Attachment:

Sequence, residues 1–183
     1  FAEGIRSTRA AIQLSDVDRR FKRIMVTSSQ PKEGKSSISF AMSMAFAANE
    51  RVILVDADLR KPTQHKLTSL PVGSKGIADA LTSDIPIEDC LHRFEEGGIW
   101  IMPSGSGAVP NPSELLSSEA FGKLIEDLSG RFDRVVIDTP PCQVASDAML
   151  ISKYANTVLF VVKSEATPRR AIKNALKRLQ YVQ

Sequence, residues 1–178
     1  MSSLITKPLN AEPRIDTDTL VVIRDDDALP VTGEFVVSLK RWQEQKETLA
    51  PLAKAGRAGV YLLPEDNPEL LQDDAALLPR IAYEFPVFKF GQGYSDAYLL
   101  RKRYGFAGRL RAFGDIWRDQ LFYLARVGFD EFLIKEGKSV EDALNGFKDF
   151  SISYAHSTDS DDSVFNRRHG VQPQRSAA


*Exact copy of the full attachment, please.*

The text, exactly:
Sequence, residues 1–183
     1  FAEGIRSTRA AIQLSDVDRR FKRIMVTSSQ PKEGKSSISF AMSMAFAANE
    51  RVILVDADLR KPTQHKLTSL PVGSKGIADA LTSDIPIEDC LHRFEEGGIW
   101  IMPSGSGAVP NPSELLSSEA FGKLIEDLSG RFDRVVIDTP PCQVASDAML
   151  ISKYANTVLF VVKSEATPRR AIKNALKRLQ YVQ

Sequence, residues 1–178
     1  MSSLITKPLN AEPRIDTDTL VVIRDDDALP VTGEFVVSLK RWQEQKETLA
    51  PLAKAGRAGV YLLPEDNPEL LQDDAALLPR IAYEFPVFKF GQGYSDAYLL
   101  RKRYGFAGRL RAFGDIWRDQ LFYLARVGFD EFLIKEGKSV EDALNGFKDF
   151  SISYAHSTDS DDSVFNRRHG VQPQRSAA